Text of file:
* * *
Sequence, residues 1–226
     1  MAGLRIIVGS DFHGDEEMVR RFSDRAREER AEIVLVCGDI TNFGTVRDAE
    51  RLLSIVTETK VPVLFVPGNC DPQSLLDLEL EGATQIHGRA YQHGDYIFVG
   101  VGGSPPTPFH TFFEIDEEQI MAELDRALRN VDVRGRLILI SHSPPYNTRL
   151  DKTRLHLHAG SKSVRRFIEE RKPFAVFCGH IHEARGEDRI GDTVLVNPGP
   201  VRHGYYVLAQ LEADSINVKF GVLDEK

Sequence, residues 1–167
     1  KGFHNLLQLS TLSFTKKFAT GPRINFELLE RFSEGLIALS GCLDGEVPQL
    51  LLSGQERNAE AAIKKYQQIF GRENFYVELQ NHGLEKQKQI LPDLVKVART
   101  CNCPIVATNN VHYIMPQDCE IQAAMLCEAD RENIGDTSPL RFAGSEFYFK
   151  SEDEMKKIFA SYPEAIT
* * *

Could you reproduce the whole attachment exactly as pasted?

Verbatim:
Sequence, residues 1–226
     1  MAGLRIIVGS DFHGDEEMVR RFSDRAREER AEIVLVCGDI TNFGTVRDAE
    51  RLLSIVTETK VPVLFVPGNC DPQSLLDLEL EGATQIHGRA YQHGDYIFVG
   101  VGGSPPTPFH TFFEIDEEQI MAELDRALRN VDVRGRLILI SHSPPYNTRL
   151  DKTRLHLHAG SKSVRRFIEE RKPFAVFCGH IHEARGEDRI GDTVLVNPGP
   201  VRHGYYVLAQ LEADSINVKF GVLDEK

Sequence, residues 1–167
     1  KGFHNLLQLS TLSFTKKFAT GPRINFELLE RFSEGLIALS GCLDGEVPQL
    51  LLSGQERNAE AAIKKYQQIF GRENFYVELQ NHGLEKQKQI LPDLVKVART
   101  CNCPIVATNN VHYIMPQDCE IQAAMLCEAD RENIGDTSPL RFAGSEFYFK
   151  SEDEMKKIFA SYPEAIT